What you’ll need…

  • Rosehips growing near you
  • Your senses
  • Journal (optional)

Step 1: Find some ripe rosehips growing near you in a safe area where it’s okay to harvest. Be 100% certain you can identify rosehips.

Step 2: Approach the rosehips as if you’ve never experienced them before. Pay special attention to all your senses.

  • What do the rosehips look like? Big? Small? Fleshy? Hard?
  • Give them a taste (eating just the outer fruit, not the seeds and hairs). What flavors do you detect? Sour? Sweet? Bitter?
  • What is the texture like?
  • What are your impressions? The first things that come to mind? (Anything goes here, this is your unique experience.)

The more intentional time you can spend with the rosehips the better. You might even consider journaling your experience.

what do rosehips do

Step 3: Once you’ve completed steps 1 and 2, your next task is to repeat it with a different set of rosehips. Again, approaching them with a sensorial curiosity. Experiencing their unique qualities and then comparing that to other rosehips.

This is the study of herbalism! The more you do experiments like this the more you’ll move beyond questions like “What do rosehips do?” and truly learn about how to work with herbs and get the results you’re looking for.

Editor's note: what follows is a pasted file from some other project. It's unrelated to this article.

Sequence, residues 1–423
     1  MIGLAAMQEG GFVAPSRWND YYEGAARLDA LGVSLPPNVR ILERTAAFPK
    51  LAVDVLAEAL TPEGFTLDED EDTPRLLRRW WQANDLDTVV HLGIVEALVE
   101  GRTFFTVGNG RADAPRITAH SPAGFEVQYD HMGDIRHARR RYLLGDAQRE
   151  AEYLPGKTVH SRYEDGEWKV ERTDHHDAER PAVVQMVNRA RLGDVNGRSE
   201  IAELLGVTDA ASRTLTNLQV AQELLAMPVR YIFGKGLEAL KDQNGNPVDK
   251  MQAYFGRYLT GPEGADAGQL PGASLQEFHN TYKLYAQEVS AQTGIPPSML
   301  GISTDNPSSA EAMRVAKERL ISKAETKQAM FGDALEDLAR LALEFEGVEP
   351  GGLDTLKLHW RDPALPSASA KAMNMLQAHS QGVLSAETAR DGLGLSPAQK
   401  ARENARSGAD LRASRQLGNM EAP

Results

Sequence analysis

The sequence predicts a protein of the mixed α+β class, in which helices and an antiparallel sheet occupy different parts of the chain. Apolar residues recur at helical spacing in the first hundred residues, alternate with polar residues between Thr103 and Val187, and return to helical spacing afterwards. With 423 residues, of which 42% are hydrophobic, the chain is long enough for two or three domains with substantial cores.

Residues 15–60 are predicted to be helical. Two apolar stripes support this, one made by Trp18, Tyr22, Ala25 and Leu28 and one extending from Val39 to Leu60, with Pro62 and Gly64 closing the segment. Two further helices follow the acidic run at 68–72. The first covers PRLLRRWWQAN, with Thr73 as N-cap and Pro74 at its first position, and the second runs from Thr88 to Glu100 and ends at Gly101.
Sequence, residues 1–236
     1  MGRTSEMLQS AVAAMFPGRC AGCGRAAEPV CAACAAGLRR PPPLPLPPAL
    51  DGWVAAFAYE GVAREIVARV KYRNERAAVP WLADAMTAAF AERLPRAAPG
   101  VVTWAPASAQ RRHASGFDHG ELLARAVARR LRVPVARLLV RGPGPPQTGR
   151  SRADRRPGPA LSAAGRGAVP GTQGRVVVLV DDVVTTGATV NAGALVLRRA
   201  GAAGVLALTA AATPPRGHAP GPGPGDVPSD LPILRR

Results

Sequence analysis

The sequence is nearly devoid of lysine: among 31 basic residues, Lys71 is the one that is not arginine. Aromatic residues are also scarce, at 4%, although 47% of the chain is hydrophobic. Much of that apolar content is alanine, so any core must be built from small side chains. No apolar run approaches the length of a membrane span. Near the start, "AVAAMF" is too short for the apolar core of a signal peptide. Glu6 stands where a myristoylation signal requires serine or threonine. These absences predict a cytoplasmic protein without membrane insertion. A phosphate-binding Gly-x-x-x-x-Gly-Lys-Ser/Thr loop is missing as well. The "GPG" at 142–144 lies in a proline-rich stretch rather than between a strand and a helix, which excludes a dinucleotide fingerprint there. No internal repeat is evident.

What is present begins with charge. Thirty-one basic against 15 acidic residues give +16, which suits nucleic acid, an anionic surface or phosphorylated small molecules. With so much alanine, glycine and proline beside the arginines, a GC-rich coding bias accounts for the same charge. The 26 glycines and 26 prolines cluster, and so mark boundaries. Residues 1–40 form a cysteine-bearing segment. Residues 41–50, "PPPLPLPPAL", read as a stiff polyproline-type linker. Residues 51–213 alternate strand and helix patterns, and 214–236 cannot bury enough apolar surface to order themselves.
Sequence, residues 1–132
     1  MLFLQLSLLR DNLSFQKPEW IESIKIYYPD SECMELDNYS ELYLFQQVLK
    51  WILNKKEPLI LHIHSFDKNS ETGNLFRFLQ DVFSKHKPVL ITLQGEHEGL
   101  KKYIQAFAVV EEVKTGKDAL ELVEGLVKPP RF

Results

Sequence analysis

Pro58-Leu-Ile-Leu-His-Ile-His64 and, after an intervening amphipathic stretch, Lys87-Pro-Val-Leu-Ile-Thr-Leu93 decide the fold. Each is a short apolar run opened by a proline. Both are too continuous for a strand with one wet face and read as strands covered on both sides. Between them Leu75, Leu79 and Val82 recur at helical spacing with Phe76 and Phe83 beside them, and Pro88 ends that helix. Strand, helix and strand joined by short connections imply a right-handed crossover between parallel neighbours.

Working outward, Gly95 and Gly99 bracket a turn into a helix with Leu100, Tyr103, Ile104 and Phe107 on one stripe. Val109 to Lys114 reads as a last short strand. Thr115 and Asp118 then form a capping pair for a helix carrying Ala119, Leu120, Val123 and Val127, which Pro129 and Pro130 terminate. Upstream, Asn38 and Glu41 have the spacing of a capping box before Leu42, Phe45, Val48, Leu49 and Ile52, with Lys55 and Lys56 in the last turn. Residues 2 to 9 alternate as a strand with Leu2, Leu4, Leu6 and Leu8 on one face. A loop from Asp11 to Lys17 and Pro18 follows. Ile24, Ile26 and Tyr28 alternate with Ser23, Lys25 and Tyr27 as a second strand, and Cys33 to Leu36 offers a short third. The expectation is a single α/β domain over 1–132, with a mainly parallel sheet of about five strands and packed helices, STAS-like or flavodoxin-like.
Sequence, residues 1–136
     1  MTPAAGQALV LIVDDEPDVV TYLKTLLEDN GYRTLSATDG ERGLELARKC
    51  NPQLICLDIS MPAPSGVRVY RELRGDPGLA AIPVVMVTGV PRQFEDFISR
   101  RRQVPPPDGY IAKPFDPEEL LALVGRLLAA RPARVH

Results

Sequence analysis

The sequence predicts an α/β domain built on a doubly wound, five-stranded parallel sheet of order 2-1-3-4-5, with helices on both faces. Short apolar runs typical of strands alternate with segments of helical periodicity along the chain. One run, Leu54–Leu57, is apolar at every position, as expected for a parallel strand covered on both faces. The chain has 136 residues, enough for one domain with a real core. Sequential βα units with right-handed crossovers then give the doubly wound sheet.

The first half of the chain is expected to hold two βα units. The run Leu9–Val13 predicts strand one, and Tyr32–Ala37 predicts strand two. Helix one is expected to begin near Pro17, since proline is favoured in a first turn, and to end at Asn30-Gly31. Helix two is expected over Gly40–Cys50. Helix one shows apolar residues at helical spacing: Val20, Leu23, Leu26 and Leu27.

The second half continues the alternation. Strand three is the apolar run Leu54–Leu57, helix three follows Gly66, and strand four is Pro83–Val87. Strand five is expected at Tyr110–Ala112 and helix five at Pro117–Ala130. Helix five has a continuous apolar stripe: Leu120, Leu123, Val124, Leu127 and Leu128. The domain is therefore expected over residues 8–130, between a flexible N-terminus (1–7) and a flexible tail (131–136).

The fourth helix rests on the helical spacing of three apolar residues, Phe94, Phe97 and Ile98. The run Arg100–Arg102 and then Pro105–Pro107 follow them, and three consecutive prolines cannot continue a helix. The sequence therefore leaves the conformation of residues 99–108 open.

Now I’d love to hear from you! Do you call on your senses to understand how herbs work? What does the taste of herbs tell you about how they work?

Taking Your Herbal Senses to the Next Level

If you’d like a guide on how to understand all that you are experiencing then I’d love to have you join me in the Getting Results with Herbs online course.

In this live series of workshops I’ll guide you through the main principles of exploring herbs through your senses and we’ll taste herbs together. It’s going to be a lot of fun and super insightful.

When you get experienced guidance with herbs you’ll fast forward your herbal learnings exponentially!

P.S. If you don’t have access to fresh rosehips, no worries! Instead, I recommend trying different rosehip recipes (using dried bought rosehips) and comparing how the preparations differ to your taste buds and experiences.

Rosehip Chia Seed Pudding

Rosehip Spiced Cake

Autumn Wellness Tea

Show 3 footnotes